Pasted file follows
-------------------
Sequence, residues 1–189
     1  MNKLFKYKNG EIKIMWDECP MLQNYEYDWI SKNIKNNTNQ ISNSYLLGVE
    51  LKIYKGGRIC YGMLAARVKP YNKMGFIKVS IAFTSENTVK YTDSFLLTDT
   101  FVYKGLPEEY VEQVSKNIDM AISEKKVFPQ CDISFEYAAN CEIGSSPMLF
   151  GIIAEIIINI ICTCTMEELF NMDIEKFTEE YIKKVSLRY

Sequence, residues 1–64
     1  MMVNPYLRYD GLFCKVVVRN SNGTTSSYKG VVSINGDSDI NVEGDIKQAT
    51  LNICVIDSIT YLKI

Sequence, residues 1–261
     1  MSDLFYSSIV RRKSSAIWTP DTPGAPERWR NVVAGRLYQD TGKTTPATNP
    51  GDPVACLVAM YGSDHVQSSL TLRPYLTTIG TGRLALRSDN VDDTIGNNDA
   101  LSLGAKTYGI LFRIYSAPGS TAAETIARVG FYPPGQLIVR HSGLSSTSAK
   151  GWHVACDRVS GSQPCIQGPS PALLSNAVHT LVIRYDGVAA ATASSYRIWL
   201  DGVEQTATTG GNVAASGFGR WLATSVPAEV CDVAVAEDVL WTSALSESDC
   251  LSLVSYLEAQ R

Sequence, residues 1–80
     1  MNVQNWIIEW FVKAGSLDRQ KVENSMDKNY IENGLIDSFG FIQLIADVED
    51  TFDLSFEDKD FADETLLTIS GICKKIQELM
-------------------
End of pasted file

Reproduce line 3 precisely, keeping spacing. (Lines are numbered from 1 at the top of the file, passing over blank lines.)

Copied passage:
    51  LKIYKGGRIC YGMLAARVKP YNKMGFIKVS IAFTSENTVK YTDSFLLTDT